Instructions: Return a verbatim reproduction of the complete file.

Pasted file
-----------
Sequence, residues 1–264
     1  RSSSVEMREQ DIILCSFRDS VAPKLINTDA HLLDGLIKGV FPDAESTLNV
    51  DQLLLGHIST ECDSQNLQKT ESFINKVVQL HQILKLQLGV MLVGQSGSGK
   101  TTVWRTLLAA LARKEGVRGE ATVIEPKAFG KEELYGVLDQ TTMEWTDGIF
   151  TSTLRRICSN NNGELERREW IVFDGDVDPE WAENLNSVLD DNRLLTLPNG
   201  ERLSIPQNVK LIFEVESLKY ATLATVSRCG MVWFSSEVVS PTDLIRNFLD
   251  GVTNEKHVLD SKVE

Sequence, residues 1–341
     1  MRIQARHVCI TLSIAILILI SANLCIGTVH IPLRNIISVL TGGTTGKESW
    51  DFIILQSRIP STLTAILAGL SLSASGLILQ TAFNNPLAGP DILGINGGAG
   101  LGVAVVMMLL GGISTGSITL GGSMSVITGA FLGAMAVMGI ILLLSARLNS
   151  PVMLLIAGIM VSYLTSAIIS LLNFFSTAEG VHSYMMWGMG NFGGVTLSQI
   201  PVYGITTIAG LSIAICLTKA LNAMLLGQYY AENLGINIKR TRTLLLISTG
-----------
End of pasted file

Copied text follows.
Sequence, residues 1–264
     1  RSSSVEMREQ DIILCSFRDS VAPKLINTDA HLLDGLIKGV FPDAESTLNV
    51  DQLLLGHIST ECDSQNLQKT ESFINKVVQL HQILKLQLGV MLVGQSGSGK
   101  TTVWRTLLAA LARKEGVRGE ATVIEPKAFG KEELYGVLDQ TTMEWTDGIF
   151  TSTLRRICSN NNGELERREW IVFDGDVDPE WAENLNSVLD DNRLLTLPNG
   201  ERLSIPQNVK LIFEVESLKY ATLATVSRCG MVWFSSEVVS PTDLIRNFLD
   251  GVTNEKHVLD SKVE

Sequence, residues 1–341
     1  MRIQARHVCI TLSIAILILI SANLCIGTVH IPLRNIISVL TGGTTGKESW
    51  DFIILQSRIP STLTAILAGL SLSASGLILQ TAFNNPLAGP DILGINGGAG
   101  LGVAVVMMLL GGISTGSITL GGSMSVITGA FLGAMAVMGI ILLLSARLNS
   151  PVMLLIAGIM VSYLTSAIIS LLNFFSTAEG VHSYMMWGMG NFGGVTLSQI
   201  PVYGITTIAG LSIAICLTKA LNAMLLGQYY AENLGINIKR TRTLLLISTG